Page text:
Anyone who has ever had a migraine knows just how painful they can be. Not only do they ruin your entire day but sometimes, they’re so unbearable that all you can do is crawl into a dark room and stay there until they fade away, and you feel like to your normal self again.
Whether you’re a regular sufferer or not, one thing you might have noticed is that more women than men tend to get migraines – but have you ever stopped to wonder why?
A study conducted back in 2012 was among the first to highlight the discrepancy between male and female migraine sufferers. The scientists involved found that one in four women had a migraine at some point in their life, and that the crippling condition affects three times more women than men. Now, new research into the subject has expanded upon this, and identified why women are more likely to experience these episodes.
The team’s findings, reported in the journal Frontiers in Molecular Biosciences, showed that women suffer with more migraines due to oestrogen levels and other sex hormones. After carrying out lab trials and animal studies, they discovered that that these hormones affect the cells around the trigeminal nerve, which is responsible for pain perception. Meanwhile, other hormones such as testosterone were shown to protect against migraines.
The chances of developing a migrane are higher for women of a reproductive age as their oestrogen levels are at their highest, and this may sensitise these cells to triggers. This is also why you may be more likely to suffer with migraines during your menstrual cycle.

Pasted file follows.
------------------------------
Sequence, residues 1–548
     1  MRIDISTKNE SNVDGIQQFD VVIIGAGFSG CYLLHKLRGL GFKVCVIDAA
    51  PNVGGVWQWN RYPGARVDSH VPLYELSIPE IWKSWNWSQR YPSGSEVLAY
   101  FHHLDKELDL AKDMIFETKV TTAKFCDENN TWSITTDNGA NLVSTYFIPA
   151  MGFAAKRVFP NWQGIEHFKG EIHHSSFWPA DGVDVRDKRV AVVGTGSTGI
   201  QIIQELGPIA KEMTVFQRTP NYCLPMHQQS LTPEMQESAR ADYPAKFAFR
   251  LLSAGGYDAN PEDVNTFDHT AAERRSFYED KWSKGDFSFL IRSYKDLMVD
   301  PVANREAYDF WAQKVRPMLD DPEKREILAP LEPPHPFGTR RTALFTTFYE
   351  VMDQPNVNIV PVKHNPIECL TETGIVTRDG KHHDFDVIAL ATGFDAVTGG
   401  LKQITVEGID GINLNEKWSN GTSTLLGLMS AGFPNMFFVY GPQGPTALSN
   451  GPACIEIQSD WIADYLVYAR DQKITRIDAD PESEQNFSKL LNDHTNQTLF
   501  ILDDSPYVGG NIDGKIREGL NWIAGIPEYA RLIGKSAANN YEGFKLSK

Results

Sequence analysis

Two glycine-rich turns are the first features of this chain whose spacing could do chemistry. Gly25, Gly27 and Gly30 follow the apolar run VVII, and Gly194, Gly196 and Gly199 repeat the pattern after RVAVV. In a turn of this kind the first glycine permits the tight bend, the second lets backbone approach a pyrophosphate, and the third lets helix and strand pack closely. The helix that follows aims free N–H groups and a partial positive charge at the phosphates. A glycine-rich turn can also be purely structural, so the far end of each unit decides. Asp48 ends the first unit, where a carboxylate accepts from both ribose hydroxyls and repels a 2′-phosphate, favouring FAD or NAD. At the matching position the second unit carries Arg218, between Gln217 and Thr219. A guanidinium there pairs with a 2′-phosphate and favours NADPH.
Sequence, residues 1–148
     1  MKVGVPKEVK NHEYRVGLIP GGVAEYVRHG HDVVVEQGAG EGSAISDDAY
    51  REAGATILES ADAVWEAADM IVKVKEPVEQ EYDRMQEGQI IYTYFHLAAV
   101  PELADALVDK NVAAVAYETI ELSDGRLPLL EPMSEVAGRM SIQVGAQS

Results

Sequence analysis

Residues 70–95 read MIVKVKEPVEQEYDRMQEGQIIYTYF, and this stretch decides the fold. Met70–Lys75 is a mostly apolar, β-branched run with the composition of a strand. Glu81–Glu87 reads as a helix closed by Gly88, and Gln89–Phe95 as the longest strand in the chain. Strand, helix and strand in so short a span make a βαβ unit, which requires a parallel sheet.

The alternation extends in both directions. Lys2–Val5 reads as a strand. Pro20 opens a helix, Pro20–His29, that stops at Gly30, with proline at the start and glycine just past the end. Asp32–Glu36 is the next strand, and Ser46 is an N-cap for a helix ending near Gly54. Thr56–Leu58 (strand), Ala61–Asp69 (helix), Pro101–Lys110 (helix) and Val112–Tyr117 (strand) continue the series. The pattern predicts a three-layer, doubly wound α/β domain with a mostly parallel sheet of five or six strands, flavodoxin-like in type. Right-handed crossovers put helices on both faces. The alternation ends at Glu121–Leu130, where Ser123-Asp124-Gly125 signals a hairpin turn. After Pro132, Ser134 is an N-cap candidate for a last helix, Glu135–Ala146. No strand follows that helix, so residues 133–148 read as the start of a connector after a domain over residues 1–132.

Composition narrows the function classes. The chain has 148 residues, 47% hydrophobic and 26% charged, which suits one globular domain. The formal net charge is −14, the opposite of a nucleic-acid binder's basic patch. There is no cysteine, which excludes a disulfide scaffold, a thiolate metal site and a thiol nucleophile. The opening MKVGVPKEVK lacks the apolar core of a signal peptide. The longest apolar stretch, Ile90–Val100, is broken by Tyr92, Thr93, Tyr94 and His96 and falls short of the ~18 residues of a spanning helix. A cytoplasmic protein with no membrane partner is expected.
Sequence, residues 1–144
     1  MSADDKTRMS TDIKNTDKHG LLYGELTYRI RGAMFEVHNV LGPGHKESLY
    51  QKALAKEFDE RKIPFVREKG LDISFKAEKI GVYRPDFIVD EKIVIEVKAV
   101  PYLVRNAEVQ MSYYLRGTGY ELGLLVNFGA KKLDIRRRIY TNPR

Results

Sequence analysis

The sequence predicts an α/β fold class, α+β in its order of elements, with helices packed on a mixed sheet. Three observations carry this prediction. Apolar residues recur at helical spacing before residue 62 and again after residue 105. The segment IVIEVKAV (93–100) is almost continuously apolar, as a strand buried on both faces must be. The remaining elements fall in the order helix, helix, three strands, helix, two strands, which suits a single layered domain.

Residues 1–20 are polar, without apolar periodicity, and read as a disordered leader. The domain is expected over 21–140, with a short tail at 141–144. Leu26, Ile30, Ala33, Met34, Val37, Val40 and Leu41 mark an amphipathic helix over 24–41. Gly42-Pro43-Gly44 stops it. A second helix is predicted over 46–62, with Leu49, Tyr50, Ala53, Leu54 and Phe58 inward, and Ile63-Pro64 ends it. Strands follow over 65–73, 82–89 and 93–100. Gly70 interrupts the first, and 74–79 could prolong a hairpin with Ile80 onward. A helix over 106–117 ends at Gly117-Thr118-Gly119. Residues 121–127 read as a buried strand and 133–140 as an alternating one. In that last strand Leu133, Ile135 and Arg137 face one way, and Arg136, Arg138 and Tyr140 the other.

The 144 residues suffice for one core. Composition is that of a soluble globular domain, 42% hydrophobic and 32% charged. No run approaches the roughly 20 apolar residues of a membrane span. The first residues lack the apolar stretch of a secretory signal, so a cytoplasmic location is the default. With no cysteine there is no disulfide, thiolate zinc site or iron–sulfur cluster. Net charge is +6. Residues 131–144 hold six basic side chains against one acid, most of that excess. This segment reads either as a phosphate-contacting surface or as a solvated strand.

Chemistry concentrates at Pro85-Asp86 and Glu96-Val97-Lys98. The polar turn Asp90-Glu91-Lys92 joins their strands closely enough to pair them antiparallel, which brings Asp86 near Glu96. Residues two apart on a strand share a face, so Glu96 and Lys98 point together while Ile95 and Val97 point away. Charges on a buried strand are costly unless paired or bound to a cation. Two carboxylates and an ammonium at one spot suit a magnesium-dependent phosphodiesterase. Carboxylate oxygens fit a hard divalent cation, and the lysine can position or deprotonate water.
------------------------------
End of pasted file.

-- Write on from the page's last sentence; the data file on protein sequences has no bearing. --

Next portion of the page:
‘We can observe significant differences in our experimental migraine model between males and females and are trying to understand the molecular correlates responsible for these differences,’ said study corresponding author Professor Antonio Ferrer-Montiel, of the Universitas Miguel Herná¡ndez in Spain.
‘Although this is a complex process, we believe that modulation of the trigeminovascular system by sex hormones plays an important role that has not been properly addressed.’
Professor Ferrer-Montiel stressed that the role of oestrogen and other hormones in migraines does need more investigation, but added that future studies should focus on the relationship between menstrual hormones and migraines in the hopes of developing more effective treatments.
‘If successful, we will contribute to better personalised medicine for migraine therapy,’ he concluded.